Oil futures on Monday were on track to suffer a second straight session decline as global equity markets pulled back on further signs of weakness in China, the world’s second-largest economy.
Prices for natural gas, meanwhile, jumped by more than 10% as colder weather boosts demand for the heating fuel, but at least one analysts believes the move is only temporary.
West Texas Intermediate crude for February delivery CLG9, -0.47% edged down by 29 cents, or 0.6%, to trade at $51.30 a barrel on Monday on the New York Mercantile Exchange. It had fallen Friday but nonetheless notched a weekly rise of about 7.6%, according to Dow Jones Market Data.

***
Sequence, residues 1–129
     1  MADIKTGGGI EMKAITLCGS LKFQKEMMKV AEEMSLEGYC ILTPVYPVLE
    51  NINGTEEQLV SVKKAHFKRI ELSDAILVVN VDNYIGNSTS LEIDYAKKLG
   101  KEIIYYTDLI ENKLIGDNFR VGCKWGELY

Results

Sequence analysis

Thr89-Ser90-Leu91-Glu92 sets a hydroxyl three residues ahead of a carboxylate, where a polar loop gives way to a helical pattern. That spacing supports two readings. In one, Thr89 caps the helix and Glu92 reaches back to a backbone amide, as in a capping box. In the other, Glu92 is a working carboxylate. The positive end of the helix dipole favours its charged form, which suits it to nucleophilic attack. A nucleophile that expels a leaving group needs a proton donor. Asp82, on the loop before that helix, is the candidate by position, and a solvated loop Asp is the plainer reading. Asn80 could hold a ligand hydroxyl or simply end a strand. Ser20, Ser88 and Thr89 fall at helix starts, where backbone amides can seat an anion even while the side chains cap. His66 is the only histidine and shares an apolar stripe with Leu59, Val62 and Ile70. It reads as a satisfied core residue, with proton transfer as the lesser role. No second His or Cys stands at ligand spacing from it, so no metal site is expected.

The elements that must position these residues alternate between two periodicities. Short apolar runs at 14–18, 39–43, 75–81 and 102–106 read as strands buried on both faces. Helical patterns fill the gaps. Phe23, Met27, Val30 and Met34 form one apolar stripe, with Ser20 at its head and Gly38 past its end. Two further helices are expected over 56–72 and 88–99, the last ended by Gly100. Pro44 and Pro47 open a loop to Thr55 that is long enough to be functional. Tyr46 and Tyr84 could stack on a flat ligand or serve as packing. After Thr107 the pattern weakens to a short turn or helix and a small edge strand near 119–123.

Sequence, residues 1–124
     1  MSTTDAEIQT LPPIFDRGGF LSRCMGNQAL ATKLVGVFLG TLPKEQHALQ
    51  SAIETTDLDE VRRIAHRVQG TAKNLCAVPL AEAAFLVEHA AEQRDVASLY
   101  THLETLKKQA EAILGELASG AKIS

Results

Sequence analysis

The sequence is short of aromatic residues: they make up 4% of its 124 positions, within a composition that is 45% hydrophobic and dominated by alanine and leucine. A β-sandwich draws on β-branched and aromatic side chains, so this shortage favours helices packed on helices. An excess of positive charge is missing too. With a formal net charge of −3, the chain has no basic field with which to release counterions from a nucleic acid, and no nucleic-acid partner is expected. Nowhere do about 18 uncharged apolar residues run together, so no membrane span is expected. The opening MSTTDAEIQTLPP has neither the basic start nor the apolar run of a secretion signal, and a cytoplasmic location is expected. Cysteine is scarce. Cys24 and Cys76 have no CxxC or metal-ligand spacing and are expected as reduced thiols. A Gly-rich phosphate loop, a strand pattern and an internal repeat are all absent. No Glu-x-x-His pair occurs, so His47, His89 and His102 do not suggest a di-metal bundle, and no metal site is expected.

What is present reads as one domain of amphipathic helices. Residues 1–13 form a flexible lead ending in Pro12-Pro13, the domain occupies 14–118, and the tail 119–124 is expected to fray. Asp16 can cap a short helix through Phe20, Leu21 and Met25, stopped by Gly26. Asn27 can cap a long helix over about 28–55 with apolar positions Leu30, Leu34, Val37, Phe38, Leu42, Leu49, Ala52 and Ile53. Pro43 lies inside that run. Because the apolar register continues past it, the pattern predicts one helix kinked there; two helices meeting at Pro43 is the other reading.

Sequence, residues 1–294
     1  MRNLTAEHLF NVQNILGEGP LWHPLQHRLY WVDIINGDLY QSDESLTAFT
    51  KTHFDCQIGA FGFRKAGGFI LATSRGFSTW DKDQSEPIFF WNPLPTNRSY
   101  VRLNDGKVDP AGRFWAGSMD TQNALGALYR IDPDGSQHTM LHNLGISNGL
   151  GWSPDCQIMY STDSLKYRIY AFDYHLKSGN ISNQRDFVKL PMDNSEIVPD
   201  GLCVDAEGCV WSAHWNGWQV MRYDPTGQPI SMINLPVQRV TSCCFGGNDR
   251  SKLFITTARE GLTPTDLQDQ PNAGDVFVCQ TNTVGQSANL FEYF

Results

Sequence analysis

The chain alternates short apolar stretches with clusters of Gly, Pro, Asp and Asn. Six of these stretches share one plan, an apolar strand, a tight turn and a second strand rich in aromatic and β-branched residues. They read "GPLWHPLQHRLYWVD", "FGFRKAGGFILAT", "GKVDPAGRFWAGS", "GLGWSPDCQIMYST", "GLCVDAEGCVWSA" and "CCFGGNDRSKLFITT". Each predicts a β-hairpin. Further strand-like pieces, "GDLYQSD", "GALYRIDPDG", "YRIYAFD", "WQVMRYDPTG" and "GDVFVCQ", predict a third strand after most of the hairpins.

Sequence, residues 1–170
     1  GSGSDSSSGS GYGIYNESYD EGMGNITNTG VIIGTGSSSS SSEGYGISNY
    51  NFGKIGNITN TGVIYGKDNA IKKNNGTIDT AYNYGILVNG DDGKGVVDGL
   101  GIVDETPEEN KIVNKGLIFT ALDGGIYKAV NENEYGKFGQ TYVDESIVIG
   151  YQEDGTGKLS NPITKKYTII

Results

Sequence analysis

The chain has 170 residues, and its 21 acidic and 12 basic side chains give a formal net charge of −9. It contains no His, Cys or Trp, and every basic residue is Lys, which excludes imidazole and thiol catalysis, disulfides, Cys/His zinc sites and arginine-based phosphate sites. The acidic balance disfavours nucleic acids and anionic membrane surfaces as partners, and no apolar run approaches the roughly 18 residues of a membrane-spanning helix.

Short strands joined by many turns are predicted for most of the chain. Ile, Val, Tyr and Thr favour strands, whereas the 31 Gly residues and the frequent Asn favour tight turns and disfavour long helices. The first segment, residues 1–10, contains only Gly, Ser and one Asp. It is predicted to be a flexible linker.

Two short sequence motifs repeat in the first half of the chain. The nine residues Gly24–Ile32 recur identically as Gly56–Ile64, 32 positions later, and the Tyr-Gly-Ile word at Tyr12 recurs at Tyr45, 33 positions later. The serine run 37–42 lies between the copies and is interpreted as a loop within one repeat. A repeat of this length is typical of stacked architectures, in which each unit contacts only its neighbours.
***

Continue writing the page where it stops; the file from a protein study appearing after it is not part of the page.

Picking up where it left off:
March Brent crude LCOH9, -0.94% fell 36 cents, or 0.6%, to $60.12 a barrel on ICE Futures Europe, after prices last week logged a weekly gain of 6%.
Weak economic data from China raised “concerns of slowing global growth, especially after weak industrial output data from Europe,” said Phil Flynn, senior market analyst at Price Futures Group, in a daily note. “It also raises the question of whether or not the Chinese stimulus, that has been announced, will be enough to ward off a major slowdown in the Chinese economy.”
“At the same time, it puts more pressure on China to get a trade deal with the U.S.,” he said. “That might be a bit harder after China reported that China’s trade surplus” climbed in 2018.
“Bottom line, China needs a deal if they are interested in stopping the free fall in their economy,” said Flynn. “While some argue they are playing the long game when it comes